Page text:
Sometimes a bird’s novelty makes it a sworn enemy. Since Ms Khalife started birdwatching during the pandemic, she has yet to spot one Yellow Breasted Chat, despite several reported sightings in nearby Prospect Park. Chats are large, mysterious warblers that are rare north of Delaware and, as the name suggests, are heard more often than seen.

“You’re an elusive bird, so that makes me feel a little bit better,” Ms Khalife said.

Sometimes it’s just desire. Howard Fischer, 72, a retired Staten Island educator, saw it more than 3,000 species in 57 years of bird watching. But it took almost five decades see a variety of thrushes, an iridescent orange-black relative of the Northwestern robin.

Mr. Fischer traveled into the normal range of the thrush and got nothing in Washington, Montana and British Columbia. He also tracked reports of rare sightings that were more local: one in New Hampshire, one in New Jersey, another in Central Park.

“And I’m not a twitch,” said Herr Fischer. “I’ve waited years to see this bird.”

Finally, in his 47th year as a bird watcher, Fischer saw his first bluebird, a tramp, who spent five days in Stuyvesant Town, Manhattan, in December 2013.

“Exactly,” said Herr Fischer.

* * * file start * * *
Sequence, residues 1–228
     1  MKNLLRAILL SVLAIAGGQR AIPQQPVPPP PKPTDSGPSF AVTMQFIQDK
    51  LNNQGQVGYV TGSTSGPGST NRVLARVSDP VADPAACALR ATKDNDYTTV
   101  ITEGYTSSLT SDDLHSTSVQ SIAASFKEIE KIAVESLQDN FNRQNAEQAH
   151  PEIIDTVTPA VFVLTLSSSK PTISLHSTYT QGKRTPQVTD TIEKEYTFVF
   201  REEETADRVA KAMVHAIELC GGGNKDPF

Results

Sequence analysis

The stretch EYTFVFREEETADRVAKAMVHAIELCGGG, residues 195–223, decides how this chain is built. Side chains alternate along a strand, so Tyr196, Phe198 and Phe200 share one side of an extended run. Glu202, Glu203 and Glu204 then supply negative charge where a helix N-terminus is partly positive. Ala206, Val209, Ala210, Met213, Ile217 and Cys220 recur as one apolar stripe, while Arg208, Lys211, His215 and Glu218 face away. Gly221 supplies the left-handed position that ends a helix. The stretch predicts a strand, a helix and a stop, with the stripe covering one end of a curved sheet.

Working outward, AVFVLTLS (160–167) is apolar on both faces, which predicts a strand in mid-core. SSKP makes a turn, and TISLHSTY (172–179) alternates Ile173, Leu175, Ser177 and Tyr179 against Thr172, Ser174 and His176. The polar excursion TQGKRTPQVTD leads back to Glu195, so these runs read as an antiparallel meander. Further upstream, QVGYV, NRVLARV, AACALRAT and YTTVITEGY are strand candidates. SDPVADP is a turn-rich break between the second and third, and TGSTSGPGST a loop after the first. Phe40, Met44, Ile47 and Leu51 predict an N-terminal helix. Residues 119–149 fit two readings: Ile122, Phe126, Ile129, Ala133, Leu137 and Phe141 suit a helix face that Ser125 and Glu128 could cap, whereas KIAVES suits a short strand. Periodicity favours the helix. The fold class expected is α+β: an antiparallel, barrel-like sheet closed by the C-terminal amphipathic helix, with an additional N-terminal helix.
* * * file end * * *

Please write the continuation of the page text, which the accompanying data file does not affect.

Sometimes it’s sadness. Koeppel’s father Richard was one of the most accomplished birders of the 20th century, counting more than 7,000 species worldwide before his death in 2012. But one was always hidden from him: the mountain quail, a plump wild bird of the Pacific Slope Mountains.

“Think of the word ‘quail’ – it means to recoil, to hide,” said Herr Koeppel. “The bird’s very name tells you it doesn’t want to be near you.”

After his father’s last wish to see one, Mr. Koeppel spent nearly five years searching for a mountain quail. He couldn’t scatter his father’s ashes until he succeeded.

“It became such a quest,” Mr. Koeppel said. “It really became my nemesis. Although I’m not a big bird watcher, I became obsessed with it. It had to do with grief and the fact that my dad’s ashes were in the back seat of my car forever.”

When Mr. Koeppel finally came across a pair of mountain quail in a Southern California state park, he could hardly believe it. He ran back to his car to retrieve the urn and, along with his young son, threw their patriarch’s ashes to the birds.

“It was a total ‘Big Lebowski’ thing where we were both covered in this white powder,” Mr. Koeppel said. “It was kind of amazing. It became a very emotional moment.”

Sometimes Nemesis Birds are about something else – how to defeat them with persistence. Mr. Kaestner spent time on the Indonesian island of Sumatra this summer looking for several species endemic there. One of his targets, the rare and reclusive Schneider-Pitta, eluded him on a previous attempt in 1993. This time, the search required a long hike up Mount Kerinci, the country’s largest volcano, and nine hours of stakeout before the bird finally found it appeared appeared.

“I got Pitta today,” reported Mr. Kaestner via SMS from the field. “Maybe I’ll have a new nemesis tomorrow!”